‘Flashpoint’ #5 Review: Batman wept

The end of the DC Universe’s final sprawling crossover event before its much-ballyhooed reboot arrived today in Flashpoint #5. Once more, the burden of DC’s Gordian continuity knot falls upon The Flash, and this is the tale of how he ultimately confronts Eobard Thawne and resolves one scrambled universe cluster-belch and ushers in a newer, shinier universe that DC’s execs hope will be more accessible to new superhero comic book readers.

Without spoiling anything for you, The Flash succeeds. (Well, we’ll see how many new readers the reboot attracts, but at least the continuity reset bomb has been detonated.)

Geoff Johns wrote this story, and it’s as Johnsian as anything DC has published in recent memory. If you pick up this issue expecting to see a marathon safari of goodbyes and Easter eggs littered across the DCU, checking off every last character in your old Skybox DC Comics trading card set, you will leave feeling disappointed. “Flashpoint” is a tale for Barry Allen fans, and in the end, the only characters you really need to be acquainted with to understand Flashpoint #5 are Allen and Batman.

The fight dialogue is awkward and stilted, and the crowd scenes cram in flocks of characters at a time without much effort at explaining who’s here and why (there have been four key issues and more tie-ins than I’ll stop to count right now to take care of that). Nevertheless, the final reckoning for Wonder Woman and Aquaman is ultra-hasty and almost comically abrupt.

That said, after the lightning-infused rumble concludes, the power in this issue lies after the staple. I’m not going to spoil anything too much for you, but the closing pages provide a glimpse at what’s to come in the “New 52” DCU as the Justice League members get reestablished and the post-“Flashpoint” world takes shape. As a look through the keyhole, so to speak, Johns finished on a potent note. He lands this crazy train of a crossover flaming hot, but he does so with enough momentum to keep things interesting. Furthermore, Andy Kubert’s informed pencils handle a crowded cast of old, new, and really new costumes formidably.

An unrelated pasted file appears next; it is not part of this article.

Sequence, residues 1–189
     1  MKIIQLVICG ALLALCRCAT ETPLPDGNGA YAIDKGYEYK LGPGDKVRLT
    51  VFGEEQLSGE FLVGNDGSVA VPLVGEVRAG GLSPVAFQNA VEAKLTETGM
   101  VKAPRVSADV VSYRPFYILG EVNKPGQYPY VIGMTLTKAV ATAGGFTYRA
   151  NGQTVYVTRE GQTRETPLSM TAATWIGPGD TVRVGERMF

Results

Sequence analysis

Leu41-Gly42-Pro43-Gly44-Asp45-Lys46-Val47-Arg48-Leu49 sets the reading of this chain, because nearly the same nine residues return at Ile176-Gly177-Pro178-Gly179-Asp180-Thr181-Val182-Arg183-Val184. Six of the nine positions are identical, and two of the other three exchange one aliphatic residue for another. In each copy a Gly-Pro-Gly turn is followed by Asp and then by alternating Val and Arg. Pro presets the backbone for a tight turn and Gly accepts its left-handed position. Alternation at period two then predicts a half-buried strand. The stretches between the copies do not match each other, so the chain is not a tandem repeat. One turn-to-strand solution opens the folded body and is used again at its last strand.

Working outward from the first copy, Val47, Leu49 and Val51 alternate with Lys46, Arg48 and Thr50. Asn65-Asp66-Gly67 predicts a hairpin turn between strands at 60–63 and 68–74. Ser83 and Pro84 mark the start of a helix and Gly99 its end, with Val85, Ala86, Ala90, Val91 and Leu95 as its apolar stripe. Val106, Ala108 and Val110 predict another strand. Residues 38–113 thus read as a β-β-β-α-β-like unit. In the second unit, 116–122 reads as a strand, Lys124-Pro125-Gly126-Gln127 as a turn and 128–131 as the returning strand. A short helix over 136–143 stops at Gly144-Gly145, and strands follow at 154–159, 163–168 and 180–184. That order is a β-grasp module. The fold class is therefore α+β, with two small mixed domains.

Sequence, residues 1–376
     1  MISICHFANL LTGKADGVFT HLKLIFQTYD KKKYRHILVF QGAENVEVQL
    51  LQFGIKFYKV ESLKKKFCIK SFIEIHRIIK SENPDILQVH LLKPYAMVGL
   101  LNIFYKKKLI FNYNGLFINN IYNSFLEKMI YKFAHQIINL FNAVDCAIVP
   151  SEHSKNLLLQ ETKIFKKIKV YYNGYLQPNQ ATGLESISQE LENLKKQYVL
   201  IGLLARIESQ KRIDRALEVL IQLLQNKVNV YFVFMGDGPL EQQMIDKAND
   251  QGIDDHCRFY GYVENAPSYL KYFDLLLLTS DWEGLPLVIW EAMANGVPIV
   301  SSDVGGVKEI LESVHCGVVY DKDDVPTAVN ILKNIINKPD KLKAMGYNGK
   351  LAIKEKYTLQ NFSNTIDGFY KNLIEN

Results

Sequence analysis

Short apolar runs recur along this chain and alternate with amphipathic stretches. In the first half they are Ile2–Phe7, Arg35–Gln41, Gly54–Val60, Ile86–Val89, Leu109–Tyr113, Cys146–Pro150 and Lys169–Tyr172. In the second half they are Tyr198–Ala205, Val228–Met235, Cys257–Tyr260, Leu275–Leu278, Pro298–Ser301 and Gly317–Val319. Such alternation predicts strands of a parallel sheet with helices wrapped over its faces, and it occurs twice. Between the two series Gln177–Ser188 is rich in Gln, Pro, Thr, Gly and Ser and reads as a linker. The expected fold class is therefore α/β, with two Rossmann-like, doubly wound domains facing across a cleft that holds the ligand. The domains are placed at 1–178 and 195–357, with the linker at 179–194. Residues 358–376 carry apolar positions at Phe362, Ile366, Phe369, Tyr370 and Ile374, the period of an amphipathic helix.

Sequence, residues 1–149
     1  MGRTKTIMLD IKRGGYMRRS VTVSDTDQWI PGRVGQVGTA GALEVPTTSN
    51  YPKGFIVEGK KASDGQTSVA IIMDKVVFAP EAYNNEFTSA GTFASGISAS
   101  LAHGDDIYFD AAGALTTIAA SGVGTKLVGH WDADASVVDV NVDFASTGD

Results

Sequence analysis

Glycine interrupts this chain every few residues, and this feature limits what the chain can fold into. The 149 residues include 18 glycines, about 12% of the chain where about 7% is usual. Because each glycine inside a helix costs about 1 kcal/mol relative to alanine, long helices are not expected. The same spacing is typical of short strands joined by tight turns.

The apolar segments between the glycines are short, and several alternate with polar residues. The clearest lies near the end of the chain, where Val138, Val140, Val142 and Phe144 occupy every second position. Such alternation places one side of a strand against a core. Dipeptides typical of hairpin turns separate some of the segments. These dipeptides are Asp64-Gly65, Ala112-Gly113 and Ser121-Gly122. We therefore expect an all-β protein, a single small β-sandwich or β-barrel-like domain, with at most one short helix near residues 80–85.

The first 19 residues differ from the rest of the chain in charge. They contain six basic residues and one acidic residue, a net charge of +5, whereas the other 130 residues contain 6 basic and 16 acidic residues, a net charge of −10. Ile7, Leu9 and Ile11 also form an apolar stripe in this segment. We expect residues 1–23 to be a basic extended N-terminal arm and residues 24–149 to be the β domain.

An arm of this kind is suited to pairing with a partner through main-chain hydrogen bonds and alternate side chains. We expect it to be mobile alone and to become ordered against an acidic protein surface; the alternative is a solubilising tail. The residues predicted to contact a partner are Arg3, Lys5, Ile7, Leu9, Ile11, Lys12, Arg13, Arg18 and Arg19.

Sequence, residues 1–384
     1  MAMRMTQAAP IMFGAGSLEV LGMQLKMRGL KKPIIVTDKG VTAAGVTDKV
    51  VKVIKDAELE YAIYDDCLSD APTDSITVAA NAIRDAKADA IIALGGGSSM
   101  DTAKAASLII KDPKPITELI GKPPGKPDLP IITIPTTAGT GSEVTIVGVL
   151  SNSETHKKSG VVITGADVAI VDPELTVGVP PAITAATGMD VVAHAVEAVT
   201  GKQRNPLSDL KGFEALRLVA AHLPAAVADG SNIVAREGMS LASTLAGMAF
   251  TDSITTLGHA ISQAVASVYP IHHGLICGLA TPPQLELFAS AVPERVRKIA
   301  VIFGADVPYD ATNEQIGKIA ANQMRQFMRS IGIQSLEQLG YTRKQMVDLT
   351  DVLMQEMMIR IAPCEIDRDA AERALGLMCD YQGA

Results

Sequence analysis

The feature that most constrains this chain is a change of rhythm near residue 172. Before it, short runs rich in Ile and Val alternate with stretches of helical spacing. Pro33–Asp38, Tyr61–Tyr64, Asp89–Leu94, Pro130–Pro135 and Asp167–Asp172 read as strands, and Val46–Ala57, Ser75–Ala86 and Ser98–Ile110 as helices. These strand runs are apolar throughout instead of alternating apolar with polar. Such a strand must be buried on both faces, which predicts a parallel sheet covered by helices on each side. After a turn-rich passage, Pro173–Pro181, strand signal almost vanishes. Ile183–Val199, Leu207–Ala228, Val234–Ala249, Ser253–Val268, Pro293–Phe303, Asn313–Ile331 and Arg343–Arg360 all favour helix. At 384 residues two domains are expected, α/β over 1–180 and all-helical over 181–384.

And that leads me to the one big (potential spoiler) question I have at the end of this book. Has DC decided to give Batman a post-Frank Miller chill pill going forward. Barry shares a brief moment with Bruce that won’t spoil here (you’re welcome), but the entire finale comes down to a defining moment where we see Bruce Wayne as emotionally vulnerable as we ever have—and in front of a fellow hero nonetheless. This event is obviously going to have lasting implications. Johns and DC chose these tears to be the opening curtain to Justice League and the rest of their new U, so I want to know—what is our Batman for a new generation going to be like out in the wild?

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